When I saw the news, I was shocked and saddened. It left me with the feeling that what had happened could have easily happened to me. In April 2016 a new law clerk working at a small law firm in St. Paul, barely 23 years old, was horrifically gunned down by a crazed client his firm was representing in a criminal defense case.
Don’t get me wrong, the act itself was absolutely horrible, and I believe it was a rarity that a situation like that would ever happen. The events leading up to it are what struck a chord with me. For that, I felt compelled to touch on the issue of client expectations. While I can only speculate whether the gunman had an underlying mental condition, it was his behavior leading up to the shooting that I see all too often in practice.
According to the news reports, the gunman in that case had retained the attorneys at the law firm to handle a criminal defense matter for him around the end of March. By April 7, (a little more than a week later), the law clerk was dead. The gunman client had sent several text messages to his attorneys that day inquiring about his case. This is a red flag, right there. I will explain later. His attorneys were in court all day and were unable to respond to the client’s texts. After receiving no response from his attorneys who were in court, the gunman client fired his attorneys, also via text message, and demanded the return of his money. Still receiving no response because his attorneys were occupied on another client matter in court, the gunman client stormed the office and mistook the law clerk for his attorney, shot him several times, and fatally wounded a seemingly bright and promising young man. You can read the full article here.
Clients, by nature are antsy over uncertainty. Maybe the client has been charged with a crime, and the client wants to know how it is going to play out. Waiting with uncertainty hanging over your head is a very difficult place in life to be. Maybe a client has been wronged civilly and needs to sue to recover money. The client is broke, and his financial situation is getting worse by the day. The client will certainly want to be “made whole” again in the shortest amount of time possible. Managing clients’ expectations is one of the more difficult aspects of running a smaller law firm. It is rare where a legal matter might progress quickly through the courts. Right now, courts are backed up, and it can take weeks, or months to find a mere 15 minutes on the court calendar to hold a hearing on a particular issue of a case. Additionally, there are rules of civil or criminal procedure that require certain amounts of time that the adverse party must be given notice of an impending hearing. When a client retains an attorney on Day One, the attorney will probably not have an answer for the client on Day Two, or Three, or Four. . . . or even Day Thirty! This is not your attorney’s fault. It’s how the rules are written or the court’s docket happens to play out.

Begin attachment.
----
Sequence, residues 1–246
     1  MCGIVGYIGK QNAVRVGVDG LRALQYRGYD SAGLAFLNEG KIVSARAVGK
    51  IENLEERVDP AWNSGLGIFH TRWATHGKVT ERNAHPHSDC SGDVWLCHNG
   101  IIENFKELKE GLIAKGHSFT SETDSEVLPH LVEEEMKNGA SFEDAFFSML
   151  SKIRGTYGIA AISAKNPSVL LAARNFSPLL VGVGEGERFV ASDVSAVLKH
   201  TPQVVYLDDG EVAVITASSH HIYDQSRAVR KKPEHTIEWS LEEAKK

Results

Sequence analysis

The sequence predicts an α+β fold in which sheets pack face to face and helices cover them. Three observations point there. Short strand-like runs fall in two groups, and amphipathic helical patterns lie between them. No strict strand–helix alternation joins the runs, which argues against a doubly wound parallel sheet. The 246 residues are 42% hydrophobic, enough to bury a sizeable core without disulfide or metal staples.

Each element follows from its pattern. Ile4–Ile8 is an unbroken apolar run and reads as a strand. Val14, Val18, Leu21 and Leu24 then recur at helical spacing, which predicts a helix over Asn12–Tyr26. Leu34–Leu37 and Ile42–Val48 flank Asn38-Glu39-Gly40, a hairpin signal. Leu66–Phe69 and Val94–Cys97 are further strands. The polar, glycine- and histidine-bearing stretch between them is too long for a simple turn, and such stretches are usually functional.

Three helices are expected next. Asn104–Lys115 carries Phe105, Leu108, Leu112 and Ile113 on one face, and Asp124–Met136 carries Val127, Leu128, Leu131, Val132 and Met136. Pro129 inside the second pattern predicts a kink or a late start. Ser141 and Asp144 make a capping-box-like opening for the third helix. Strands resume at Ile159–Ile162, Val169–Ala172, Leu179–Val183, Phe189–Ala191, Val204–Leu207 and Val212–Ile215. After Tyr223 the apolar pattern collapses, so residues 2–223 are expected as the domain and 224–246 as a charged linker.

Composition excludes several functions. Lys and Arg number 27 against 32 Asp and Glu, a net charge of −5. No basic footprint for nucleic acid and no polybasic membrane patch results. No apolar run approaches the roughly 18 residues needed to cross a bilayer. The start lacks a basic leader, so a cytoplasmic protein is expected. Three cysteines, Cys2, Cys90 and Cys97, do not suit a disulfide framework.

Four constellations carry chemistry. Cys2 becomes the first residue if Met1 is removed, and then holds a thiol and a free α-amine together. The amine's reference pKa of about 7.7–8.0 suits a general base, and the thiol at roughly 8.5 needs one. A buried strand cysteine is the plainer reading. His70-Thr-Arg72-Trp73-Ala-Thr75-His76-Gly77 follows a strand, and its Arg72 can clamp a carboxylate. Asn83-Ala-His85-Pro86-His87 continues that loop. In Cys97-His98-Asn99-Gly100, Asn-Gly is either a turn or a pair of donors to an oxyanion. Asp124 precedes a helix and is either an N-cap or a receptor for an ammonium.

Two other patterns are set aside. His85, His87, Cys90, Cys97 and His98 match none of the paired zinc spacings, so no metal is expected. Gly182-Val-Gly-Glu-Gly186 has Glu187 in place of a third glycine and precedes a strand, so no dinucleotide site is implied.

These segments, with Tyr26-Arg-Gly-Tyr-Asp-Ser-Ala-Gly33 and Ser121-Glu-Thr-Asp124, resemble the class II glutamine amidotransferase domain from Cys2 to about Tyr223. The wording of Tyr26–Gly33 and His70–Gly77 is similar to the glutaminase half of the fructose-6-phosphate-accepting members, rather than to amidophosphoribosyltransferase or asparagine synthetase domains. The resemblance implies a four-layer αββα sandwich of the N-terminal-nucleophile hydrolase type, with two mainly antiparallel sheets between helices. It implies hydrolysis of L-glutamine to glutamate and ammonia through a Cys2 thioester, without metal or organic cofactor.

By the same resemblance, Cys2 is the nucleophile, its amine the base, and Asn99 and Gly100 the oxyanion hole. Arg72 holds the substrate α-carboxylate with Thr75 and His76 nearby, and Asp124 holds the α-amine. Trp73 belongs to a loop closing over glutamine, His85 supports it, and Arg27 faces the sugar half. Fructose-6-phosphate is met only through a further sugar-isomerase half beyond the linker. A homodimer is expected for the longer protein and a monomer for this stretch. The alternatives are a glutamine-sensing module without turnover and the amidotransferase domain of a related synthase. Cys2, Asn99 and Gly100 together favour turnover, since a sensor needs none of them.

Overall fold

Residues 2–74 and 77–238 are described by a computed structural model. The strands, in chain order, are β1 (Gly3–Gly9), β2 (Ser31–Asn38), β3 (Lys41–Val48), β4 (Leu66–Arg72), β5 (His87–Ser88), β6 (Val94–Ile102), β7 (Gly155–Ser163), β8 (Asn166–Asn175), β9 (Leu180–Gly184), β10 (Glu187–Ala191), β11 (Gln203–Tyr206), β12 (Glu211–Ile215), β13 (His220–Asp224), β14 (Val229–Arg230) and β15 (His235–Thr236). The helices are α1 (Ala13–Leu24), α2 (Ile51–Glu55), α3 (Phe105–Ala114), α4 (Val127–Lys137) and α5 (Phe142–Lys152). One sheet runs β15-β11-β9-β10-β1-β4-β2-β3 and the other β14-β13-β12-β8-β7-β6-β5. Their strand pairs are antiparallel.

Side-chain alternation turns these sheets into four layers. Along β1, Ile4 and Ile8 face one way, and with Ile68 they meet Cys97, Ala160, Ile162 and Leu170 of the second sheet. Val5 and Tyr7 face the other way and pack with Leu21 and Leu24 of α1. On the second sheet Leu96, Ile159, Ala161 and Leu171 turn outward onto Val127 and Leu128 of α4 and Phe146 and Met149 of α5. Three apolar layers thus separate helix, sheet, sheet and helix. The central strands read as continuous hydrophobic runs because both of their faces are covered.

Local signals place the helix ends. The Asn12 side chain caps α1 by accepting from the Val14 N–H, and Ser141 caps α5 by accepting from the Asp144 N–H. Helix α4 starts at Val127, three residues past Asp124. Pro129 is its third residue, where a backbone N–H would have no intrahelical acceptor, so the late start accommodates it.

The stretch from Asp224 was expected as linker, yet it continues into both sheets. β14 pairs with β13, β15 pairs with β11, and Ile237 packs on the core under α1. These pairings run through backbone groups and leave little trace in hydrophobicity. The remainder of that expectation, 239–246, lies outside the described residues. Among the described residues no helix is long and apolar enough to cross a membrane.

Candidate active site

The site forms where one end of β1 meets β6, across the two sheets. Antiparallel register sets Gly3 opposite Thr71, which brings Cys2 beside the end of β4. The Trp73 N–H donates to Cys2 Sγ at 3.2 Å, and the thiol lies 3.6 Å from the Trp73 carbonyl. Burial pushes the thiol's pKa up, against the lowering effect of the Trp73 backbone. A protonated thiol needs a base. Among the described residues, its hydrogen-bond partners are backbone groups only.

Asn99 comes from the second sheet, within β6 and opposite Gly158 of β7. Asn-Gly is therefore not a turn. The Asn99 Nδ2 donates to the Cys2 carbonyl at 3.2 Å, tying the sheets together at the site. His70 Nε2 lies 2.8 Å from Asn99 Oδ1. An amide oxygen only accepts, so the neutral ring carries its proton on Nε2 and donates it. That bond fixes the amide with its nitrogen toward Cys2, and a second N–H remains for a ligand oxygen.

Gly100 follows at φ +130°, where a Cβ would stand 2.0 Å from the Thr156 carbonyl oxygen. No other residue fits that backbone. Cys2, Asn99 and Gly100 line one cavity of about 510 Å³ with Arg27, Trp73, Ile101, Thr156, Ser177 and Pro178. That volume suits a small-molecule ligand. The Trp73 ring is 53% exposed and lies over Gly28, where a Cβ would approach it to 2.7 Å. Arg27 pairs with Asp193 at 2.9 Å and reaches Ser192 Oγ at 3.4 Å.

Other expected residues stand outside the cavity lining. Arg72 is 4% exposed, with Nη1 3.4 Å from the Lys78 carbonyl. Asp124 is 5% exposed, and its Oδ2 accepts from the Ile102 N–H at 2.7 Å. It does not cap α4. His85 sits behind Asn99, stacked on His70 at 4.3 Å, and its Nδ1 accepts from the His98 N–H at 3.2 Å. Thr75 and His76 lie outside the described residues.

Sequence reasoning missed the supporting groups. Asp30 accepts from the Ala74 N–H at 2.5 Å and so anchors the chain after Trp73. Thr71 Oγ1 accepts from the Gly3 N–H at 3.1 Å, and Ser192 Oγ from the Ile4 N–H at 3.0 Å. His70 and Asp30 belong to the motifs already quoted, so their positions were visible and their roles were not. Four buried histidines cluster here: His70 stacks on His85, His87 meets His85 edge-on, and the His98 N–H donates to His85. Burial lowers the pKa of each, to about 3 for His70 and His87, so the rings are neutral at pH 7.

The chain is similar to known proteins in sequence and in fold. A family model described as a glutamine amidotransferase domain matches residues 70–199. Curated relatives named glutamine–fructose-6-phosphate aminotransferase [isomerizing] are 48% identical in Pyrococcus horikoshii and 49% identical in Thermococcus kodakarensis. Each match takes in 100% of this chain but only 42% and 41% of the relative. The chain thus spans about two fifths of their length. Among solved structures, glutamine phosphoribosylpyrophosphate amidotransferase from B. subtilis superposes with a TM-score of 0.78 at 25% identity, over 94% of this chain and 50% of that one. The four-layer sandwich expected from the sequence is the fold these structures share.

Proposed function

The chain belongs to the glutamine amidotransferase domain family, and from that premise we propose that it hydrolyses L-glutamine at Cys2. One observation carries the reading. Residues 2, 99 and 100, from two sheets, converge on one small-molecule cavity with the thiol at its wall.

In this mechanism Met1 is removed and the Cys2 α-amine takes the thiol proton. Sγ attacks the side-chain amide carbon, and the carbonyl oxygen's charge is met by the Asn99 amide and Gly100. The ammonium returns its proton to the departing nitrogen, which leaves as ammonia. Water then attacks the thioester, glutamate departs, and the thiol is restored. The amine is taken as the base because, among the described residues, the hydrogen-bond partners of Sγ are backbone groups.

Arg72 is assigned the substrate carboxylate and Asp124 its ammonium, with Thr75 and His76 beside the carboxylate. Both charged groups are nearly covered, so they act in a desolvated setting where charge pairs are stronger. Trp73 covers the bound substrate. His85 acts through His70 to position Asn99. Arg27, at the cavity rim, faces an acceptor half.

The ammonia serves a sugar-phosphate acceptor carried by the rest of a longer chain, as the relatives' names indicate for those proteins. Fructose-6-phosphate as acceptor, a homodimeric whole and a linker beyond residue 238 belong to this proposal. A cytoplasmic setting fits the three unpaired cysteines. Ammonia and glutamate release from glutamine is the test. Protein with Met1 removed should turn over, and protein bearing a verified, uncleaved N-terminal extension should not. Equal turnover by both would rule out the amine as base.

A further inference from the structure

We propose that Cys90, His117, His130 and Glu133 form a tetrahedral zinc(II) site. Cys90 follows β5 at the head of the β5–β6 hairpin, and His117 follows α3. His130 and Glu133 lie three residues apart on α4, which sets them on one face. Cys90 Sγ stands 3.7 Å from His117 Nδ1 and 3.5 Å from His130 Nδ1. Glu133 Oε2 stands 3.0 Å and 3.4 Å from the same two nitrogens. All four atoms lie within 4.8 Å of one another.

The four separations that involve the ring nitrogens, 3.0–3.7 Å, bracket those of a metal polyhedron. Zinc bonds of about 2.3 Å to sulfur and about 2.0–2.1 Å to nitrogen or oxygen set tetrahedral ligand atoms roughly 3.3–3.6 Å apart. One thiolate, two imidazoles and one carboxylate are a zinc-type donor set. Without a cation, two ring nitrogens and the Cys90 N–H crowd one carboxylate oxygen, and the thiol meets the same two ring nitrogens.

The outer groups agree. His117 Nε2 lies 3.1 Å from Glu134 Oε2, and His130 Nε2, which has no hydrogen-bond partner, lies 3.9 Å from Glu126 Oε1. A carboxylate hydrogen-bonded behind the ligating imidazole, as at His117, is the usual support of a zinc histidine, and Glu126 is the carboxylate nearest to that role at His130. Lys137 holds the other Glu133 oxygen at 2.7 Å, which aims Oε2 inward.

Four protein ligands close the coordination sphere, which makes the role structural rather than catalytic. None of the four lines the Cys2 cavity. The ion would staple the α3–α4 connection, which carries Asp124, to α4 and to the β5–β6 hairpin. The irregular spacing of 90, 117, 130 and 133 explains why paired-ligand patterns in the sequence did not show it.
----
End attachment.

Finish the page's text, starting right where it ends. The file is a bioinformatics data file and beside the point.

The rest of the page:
Remember the childhood game (or college drinking game) “Never Have I Ever?” Great! I’ll start. “Never have I ever had a client walk into my office and put down a $150,000 retainer.” Who here would raise their hand (or chug their beer, however your version of the game went)? Now, I’m not talking about big law firms. I’m talking about small law firms with one to three attorneys. Probably very few of us would ever claim to have a client come in and pay that kind of money. Reality is what it is, though. $150,000 is about the amount of money it would take to buy my total exclusivity until the resolution of your case, assuming it is complex and lengthy. Out of that, I would pay my assistants, my overhead, my operating expenses, and myself (minus taxes). My firm and I would be completely and absolutely dedicated to you, and only you. I would not take phone calls from other potential clients, I would not go to court on other client matters, I would not spend my time preparing briefs or reading documents for other clients. For that kind of money, my firm is dedicated only to that client. Again, not once has a client come to my firm and stroked a check for that kind of money. While the $2,500.00 initial retainer you paid for your DWI case might seem like a lot of money to you, that amount barely covers the cost to employ my part-time staff for a month. Therefore, reality sets in. Attorneys have to take on other clients to keep their business functioning. This means that your attorney probably has to read through other ominous client files, thousands of documents that have nothing to do with your case, and attend court hearings or trials that can take several days in other parts of the state for other clients of the firm. Unless you are willing to put down a large amount of money, your attorney will not always be available for you at your beckon call.